Congress mulls tightened security for checked baggage
By Patty Davis
WASHINGTON (CNN) -- New and tougher screening measures for carry-on baggage do not apply to checked bags, an exemption that some members of Congress and relatives of Pan Am 103 victims would like to change.
The most recent crackdown on carry-on baggage includes heightened screening, a prohibition on cutting instruments, and a new one-bag carry-on limit. But the requirements are different, and some say deficient, when it comes to checked bags.
"Right now we do not have adequate measures of safety because 90 to 95 percent of those bags are unscreened in the belly of an airplane," said Rep. Jay Inslee, D-Washington.
The Federal Aviation Administration declined to say how many checked bags are screened, but said the number has increased since the September 11 terrorist attacks.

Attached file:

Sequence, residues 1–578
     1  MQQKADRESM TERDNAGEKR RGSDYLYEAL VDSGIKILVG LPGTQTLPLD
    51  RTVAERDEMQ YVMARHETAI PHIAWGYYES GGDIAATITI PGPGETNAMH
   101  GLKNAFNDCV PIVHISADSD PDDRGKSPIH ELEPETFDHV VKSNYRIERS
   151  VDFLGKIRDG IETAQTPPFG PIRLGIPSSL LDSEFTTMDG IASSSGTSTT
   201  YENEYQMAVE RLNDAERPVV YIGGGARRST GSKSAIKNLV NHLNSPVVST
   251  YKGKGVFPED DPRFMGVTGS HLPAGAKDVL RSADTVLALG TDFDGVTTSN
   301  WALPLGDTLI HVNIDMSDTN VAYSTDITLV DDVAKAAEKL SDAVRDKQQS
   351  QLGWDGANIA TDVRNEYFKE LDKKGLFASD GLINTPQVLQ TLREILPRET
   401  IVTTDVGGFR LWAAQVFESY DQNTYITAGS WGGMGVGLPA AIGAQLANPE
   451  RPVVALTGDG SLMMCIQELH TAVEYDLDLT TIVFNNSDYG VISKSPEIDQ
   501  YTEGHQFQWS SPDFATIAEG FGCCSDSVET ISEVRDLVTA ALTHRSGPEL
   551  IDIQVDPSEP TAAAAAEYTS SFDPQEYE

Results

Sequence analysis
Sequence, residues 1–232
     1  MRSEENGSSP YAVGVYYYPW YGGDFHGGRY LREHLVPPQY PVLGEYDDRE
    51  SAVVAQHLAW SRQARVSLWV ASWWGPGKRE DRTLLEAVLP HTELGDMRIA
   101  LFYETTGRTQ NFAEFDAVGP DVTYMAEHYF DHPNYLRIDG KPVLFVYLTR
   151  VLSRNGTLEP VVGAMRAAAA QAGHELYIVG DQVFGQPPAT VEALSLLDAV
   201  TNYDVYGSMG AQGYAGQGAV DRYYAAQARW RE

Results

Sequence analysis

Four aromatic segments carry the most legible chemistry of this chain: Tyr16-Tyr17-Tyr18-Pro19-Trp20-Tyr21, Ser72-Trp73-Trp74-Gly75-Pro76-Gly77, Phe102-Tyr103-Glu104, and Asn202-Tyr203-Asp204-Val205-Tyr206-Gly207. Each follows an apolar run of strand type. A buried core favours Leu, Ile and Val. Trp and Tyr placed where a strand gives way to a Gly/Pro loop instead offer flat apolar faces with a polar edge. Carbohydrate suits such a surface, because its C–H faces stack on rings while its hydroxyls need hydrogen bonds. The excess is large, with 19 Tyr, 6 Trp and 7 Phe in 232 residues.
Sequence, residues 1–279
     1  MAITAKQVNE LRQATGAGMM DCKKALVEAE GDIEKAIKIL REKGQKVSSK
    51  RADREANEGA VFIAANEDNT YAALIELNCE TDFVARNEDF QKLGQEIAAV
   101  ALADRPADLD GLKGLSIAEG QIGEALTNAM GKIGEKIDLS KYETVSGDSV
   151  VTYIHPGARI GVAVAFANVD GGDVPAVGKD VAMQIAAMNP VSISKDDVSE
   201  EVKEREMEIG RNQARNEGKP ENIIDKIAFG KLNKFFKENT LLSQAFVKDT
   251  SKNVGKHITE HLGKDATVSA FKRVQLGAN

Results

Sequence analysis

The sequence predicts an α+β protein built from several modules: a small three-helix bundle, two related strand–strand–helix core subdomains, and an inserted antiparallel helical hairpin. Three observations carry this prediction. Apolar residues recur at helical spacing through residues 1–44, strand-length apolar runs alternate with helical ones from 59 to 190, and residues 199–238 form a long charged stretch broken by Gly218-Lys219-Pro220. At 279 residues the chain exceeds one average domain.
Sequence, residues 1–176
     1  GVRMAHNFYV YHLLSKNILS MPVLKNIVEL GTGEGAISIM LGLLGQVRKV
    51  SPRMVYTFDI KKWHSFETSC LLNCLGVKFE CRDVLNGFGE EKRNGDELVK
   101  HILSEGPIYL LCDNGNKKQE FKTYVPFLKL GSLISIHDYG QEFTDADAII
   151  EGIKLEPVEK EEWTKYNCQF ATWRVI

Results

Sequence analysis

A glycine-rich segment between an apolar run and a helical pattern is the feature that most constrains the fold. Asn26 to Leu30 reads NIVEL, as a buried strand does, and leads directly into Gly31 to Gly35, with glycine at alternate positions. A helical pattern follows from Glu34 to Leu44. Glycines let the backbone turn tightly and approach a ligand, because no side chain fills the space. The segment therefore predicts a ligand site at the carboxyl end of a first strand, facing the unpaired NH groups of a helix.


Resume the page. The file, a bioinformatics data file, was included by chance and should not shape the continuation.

A U.S. House bill would require all baggage, mail and cargo carried in an aircraft to be examined by bomb-screening machines.
Families of those who died when Pan Am 103 was brought down by a terrorist bomb hidden in a piece of checked luggage have pushed for such a requirement for years.
Victoria Cummock lost her husband John.
"We're leaving the back door unlocked and wide open if we're not looking at what's being checked," Cummock said. Right now the FAA and airlines rely on random screening and computer-assisted passenger screening to decide which bags should be screened, based on a profile of suspicious behavior.
But terrorists can get around that, Cummock said.
"The profiling is done based on the identification that you give when you check in your bags, so you are relying on the honesty of the passenger to identify themselves as a potential risk," she said.
Cummock worries that bags are not matched to their owners on domestic flights as they are on international ones, meaning unaccompanied bags find their way onto U.S. flights.
The airline industry does not advocate either bag matching or 100 percent checked bag screening, saying it would slow down air travel and would not have stopped the September 11 terrorist attacks.
But the families of Pan Am 103 said now is the time to take action on all fronts, and be prepared for any type of terrorist attack.
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